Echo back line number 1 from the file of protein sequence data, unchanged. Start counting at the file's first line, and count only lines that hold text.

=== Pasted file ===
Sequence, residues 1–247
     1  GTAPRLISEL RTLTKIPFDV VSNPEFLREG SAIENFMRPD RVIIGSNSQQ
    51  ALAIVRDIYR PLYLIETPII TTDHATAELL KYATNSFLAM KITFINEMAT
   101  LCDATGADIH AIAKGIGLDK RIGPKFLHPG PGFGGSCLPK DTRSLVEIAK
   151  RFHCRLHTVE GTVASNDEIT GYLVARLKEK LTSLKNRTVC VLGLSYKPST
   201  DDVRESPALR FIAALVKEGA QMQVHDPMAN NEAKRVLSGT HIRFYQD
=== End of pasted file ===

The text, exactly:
Sequence, residues 1–247